President-elect Donald Trump shades his eyes while looking at supporters during a rally in Fayetteville, N.C., Tuesday, Dec. 6, 2016. (AP/Gerry Broome)
Time magazine on Wednesday named Donald Trump its Person of the Year, bestowing what the president-elect called an "honor" even as he derided the idea that he'll lead "the Divided States of America."
That was a reference to Time's cover line — "Donald Trump: President of the Divided States of America" — that was positioned next to the cover photograph of the president-elect sitting in his private residence at Trump Tower.
"I didn't divide 'em," Trump said on NBC's "Today" show. "We're going to put it back together and we're going to have a country that's very well-healed."
Time editor Nancy Gibbs said the publication's choice was a "straightforward" choice of the person who has had the greatest influence on events "for better or worse."
Trump climbed from fiery underdog in the race for the GOP presidential nomination to winning the White House and defeating Democrat Hillary Clinton in the Nov. 8 election. Trump won 306 electoral votes, easily enough to make him president when the electors meet on Dec. 19. Clinton won the popular vote.
(Read also: Future of the global economy after Trump's victory)
This is the 90th time we have named the person who had the greatest influence, for better or worse, on the events of the year. So which is it this year: Better or worse? The challenge for Donald Trump is how profoundly the country disagrees about the answer. Read why TIME chose Donald Trump as 2016’s Person of the Year on TIME.com. In this photograph by Nadav Kander for TIME, President-elect Trump stands in the living room of his three-story penthouse on the 66th floor of Trump Tower in New York City on Nov. 28. #donaldtrump #trump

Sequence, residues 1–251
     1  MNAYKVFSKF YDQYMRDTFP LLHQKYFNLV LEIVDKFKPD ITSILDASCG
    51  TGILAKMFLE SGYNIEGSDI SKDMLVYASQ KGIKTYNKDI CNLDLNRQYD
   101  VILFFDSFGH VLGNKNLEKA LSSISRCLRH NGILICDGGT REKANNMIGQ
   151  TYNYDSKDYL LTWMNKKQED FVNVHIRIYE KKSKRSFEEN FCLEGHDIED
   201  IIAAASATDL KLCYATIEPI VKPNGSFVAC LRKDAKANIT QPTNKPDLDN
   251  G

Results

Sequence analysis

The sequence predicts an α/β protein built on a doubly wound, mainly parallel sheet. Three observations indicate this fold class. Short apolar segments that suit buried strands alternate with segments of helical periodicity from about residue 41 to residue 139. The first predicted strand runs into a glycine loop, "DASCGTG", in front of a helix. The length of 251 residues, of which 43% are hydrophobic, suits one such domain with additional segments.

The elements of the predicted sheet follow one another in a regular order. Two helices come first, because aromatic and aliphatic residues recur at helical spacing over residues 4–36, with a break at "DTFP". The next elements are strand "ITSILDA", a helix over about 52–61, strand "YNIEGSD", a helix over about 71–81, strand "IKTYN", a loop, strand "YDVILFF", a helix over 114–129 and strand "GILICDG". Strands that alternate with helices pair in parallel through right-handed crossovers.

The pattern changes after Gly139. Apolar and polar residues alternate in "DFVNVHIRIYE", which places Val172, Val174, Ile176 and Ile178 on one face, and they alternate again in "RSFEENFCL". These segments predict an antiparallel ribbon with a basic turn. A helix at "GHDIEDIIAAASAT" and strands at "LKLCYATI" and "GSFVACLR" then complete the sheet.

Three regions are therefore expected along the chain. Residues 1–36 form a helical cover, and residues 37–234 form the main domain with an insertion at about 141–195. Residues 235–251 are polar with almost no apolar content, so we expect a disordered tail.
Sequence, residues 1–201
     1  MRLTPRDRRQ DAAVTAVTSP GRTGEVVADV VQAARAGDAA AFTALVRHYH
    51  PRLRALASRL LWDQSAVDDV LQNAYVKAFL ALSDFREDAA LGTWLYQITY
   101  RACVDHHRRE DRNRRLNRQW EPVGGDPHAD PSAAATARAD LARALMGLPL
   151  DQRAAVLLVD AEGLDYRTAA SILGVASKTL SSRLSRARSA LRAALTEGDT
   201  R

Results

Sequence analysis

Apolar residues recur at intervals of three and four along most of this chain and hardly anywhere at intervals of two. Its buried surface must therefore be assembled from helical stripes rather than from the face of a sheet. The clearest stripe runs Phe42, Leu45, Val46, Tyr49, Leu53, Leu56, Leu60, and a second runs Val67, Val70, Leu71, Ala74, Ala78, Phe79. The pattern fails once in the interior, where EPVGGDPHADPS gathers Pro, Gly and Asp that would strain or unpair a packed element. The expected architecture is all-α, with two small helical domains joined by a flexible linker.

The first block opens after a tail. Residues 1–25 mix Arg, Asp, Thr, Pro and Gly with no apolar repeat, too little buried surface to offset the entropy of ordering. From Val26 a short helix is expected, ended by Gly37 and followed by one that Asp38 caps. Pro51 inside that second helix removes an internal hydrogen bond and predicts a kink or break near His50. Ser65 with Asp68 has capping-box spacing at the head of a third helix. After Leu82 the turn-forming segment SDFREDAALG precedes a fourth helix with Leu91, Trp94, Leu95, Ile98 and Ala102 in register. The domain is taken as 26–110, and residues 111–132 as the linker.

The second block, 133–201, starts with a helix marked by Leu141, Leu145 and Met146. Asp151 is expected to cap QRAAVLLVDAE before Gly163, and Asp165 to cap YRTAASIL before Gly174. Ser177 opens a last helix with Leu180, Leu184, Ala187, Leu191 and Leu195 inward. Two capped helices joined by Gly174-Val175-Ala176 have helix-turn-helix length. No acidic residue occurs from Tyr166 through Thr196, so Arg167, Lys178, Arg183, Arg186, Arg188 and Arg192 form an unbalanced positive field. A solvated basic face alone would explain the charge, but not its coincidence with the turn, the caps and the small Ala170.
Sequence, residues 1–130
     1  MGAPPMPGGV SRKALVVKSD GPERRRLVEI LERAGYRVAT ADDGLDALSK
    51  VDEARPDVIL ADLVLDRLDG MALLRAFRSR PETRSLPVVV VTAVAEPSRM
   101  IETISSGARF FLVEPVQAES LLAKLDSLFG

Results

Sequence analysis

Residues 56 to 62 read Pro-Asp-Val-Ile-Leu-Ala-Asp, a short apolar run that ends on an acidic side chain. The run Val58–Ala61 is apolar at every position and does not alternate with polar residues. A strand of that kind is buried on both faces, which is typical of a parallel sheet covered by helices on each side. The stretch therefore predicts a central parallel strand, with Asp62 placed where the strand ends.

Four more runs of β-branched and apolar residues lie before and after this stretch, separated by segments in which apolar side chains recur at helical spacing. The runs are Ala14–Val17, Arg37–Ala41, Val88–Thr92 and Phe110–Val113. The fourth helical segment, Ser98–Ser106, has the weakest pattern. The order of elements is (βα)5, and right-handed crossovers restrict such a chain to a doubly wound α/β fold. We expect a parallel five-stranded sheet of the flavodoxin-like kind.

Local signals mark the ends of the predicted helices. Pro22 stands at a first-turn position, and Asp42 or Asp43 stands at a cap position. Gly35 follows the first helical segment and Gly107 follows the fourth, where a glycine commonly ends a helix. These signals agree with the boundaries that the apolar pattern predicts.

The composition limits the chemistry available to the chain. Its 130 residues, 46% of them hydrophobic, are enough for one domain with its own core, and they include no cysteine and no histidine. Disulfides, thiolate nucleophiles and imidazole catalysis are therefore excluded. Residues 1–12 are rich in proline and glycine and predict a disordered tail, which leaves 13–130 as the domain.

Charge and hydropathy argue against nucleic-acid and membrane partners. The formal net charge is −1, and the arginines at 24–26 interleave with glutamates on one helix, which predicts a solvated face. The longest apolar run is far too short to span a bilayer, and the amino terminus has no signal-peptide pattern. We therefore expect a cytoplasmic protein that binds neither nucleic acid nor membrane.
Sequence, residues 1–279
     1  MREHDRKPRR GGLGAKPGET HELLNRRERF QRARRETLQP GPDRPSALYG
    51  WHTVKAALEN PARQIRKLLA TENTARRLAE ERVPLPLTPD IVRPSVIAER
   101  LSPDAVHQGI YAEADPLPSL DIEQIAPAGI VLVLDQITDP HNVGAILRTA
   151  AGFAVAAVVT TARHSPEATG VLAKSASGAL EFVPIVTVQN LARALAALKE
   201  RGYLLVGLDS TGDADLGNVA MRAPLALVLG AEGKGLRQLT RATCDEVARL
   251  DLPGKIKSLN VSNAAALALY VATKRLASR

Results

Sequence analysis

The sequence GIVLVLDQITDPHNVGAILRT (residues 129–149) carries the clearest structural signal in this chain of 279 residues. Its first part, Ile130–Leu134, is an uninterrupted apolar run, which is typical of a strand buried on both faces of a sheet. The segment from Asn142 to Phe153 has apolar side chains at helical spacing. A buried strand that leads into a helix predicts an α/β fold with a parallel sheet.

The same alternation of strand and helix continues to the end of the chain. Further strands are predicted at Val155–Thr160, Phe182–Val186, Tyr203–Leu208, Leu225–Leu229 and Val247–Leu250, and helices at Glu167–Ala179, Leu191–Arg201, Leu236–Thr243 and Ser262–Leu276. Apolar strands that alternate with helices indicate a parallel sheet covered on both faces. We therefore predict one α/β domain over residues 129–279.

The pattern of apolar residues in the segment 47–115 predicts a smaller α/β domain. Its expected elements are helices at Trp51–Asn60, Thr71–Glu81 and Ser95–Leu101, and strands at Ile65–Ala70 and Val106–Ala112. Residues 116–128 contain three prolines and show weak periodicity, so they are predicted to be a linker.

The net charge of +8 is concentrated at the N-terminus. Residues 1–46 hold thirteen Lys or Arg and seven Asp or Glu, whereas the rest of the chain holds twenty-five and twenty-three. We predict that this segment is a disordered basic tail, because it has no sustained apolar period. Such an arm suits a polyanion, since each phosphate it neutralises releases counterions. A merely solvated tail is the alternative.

He won in part by articulating in blunt, populist terms the racial, economic and other factors that divide Americans, many of whom have not felt the nation's recovery from recession. Trump stomped campaign traditions and social norms, including by insulting women, Muslims, Republican leaders, a reporter with disabilities and more. He also praised Russian President Vladimir Putin and last week irritated China and broke diplomatic norms by speaking by phone with the leader of Taiwan.
"When have we ever seen a single individual who has so defied expectations, broken the rules, violated norms, beaten not one but two political parties on the way to winning an election that he entered with 100-to-1 odds against him?" Gibbs said.
Clinton was the No. 2 finalist, Gibbs said. She said Clinton "came closer than any woman ever has to winning the White House, and in the process revealed, I think, both the opportunities and the obstacles that women face in the public square."
"The Hackers," ranked after Clinton. Gibbs said that referred to "a new cyber security threat we saw this year of state-sponsored hackers looking to delegitimize an American election." She said this was "something new this year and something very disturbing."